These issues are complex and serious, and have not been addressed at all, as far as I am aware (not unlike BIM, as I have discussed previously in this pair of articles on Ethics Industry Insight No 8 June 2016 and Ethics Industry Insight No 9 July 2016).
5. Contract requirements
What is the output required for schedule quality? I have seen references to a ‘passfail’ score of 75% and while a scoring mechanism is useful, it is fairly crude. The better approach to improving schedule and delivery quality is to weight the scoring criteria. This could be as simple or sophisticated as the enduser wants, so that the factors which are important to it are specifically measured and tested.
There is a clear link that the more time invested in the exercise, the more accurate, and useful, the tool will be. In order to make this process effective, the contractor must be obliged via an operational clause to comply with it. Therefore, the requirements should be stated both in the contract and in the Works Information (NEC3) or specification (other forms of contract). Involving the contractor properly in the exercise will almost certainly enrich the potential of the tool to drive schedule quality.
What does the industry say is needed now to support project delivery?
In one word, training. The quality of data input can be linked tangibly to the quality of the data output, in my experience. There is little point in investing thousands of pounds in software, and asking your teams to use it—and I whole-heartedly support the investment—if the output has little value, or does not stand up to critical analysis, because you have not also invested in initial training, and updating training, for your teams.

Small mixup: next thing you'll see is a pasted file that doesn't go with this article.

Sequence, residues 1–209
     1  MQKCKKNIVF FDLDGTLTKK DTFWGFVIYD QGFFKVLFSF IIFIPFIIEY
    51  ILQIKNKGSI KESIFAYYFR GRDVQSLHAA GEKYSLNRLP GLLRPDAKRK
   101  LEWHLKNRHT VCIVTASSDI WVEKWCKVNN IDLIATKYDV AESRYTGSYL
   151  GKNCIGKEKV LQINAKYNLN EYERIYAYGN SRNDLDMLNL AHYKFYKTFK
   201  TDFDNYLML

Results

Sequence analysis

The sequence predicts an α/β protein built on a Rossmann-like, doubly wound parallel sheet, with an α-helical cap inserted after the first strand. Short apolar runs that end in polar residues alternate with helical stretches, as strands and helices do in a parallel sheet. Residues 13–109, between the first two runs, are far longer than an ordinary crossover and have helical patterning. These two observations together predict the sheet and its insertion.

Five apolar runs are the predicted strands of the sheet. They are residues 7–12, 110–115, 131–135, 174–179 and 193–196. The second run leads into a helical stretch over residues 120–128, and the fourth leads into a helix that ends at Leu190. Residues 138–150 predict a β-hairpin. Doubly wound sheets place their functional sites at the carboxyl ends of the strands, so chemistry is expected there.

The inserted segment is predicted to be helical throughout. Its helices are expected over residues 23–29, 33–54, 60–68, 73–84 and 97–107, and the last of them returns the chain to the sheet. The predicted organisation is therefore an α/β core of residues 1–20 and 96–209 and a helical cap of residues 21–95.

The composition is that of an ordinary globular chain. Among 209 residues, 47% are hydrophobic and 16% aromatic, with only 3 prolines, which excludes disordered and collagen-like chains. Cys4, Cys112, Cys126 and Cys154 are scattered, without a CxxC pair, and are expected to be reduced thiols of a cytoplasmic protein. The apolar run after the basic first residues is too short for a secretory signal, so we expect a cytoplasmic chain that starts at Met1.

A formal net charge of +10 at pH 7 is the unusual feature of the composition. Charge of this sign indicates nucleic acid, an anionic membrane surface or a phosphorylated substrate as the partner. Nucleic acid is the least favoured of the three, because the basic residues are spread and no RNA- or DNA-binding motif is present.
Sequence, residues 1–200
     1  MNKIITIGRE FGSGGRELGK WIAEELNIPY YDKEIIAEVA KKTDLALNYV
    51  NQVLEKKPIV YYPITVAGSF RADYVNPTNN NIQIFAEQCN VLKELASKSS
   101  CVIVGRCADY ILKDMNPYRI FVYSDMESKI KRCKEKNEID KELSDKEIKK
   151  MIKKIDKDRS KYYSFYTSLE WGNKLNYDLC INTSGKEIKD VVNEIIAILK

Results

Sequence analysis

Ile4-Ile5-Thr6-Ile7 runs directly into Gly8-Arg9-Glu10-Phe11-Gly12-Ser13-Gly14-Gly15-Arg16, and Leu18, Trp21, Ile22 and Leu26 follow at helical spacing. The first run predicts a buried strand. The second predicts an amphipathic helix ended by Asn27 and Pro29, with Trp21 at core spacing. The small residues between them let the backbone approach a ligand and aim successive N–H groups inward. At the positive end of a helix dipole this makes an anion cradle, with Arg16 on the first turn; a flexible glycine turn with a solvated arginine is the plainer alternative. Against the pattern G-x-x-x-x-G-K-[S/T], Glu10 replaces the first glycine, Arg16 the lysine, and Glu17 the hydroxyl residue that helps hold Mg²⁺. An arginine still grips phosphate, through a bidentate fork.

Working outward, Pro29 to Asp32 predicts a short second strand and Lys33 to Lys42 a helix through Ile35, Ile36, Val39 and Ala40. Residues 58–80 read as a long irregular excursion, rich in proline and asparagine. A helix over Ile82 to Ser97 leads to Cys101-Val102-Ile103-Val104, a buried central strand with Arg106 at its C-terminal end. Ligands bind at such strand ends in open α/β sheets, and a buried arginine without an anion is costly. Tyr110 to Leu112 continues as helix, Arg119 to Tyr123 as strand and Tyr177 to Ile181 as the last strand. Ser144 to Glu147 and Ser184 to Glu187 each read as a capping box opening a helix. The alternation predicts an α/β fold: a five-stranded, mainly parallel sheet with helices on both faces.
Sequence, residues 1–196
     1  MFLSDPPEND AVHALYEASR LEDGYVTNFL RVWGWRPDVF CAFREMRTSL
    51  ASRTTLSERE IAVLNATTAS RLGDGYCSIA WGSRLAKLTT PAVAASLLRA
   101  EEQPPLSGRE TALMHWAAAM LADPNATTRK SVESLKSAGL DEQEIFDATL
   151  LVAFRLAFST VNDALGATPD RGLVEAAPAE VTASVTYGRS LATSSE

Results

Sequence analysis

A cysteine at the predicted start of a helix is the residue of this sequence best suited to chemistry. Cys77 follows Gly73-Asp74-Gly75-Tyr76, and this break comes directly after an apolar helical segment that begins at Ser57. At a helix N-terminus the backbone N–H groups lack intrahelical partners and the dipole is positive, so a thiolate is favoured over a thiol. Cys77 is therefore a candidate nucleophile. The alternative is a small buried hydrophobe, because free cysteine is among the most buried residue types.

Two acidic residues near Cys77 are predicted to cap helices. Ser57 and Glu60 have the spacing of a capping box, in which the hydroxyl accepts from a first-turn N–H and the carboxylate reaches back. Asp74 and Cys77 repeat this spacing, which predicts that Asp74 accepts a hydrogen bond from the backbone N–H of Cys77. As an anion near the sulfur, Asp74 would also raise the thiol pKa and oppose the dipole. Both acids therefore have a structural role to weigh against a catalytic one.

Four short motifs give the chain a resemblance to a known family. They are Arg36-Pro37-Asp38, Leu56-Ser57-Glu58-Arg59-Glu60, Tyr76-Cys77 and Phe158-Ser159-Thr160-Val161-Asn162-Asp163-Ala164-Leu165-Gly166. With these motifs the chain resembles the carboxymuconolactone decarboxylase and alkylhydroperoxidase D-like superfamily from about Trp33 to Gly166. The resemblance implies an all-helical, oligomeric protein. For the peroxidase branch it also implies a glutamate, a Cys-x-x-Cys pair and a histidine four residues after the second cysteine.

The UK suffers from a shortage of excellent project and programme managers, as well as planners, and so linking this in to coding/computer science education is important, in my view. My clients, big and small, tell me that they want to invest in the software, but they need the humans to be able to operate it.
My clients would also like to be able to invest in programme management expertise early, to help them to create excellent programmes from day one, not to be brought in when disputes arise. Having a ‘go-to’ adviser is recommended, but does not come cheap—however it is likely to come cheaper at the beginning than at the end.
What does the future hold? From the discussions I have participated in, and experts I have talked to, I predict:
Contracts will be more sophisticated in their requirements—but this investment will be at an early pre-contract stage (perhaps through early contractor involvement where the contractor can explore the issues openly with the employer)
Data will belong to the ‘project’, not each party, and therefore will be readily accessible as a neutral project record accordingly (but see above about legal privilege and confidentiality, which do not disappear) —one or two projects are
already testing this capability
Data will link into, or be integrated with, BIM, seamlessly
The software will be ‘live’ and continuously updating its contents—the metadata will be better, and changes made automatically saved, so that they are more easily traceable
Users will become more sophisticated as they gain skills in using the software, and confidence in the potential of the software to be a contract ‘tool’ not a ‘hammer’, and
Planners will be a project ‘musthave’ resource, rather than a ‘nicetohave’
All of these future PPM benefits depend on improving the quality of the data, and therefore on why training is so important. They also require a supportive cushion of a legal (contract) framework, and this could be achieved with a standard protocol and better defined contract outputs. I welcome readers’ comments and ideas.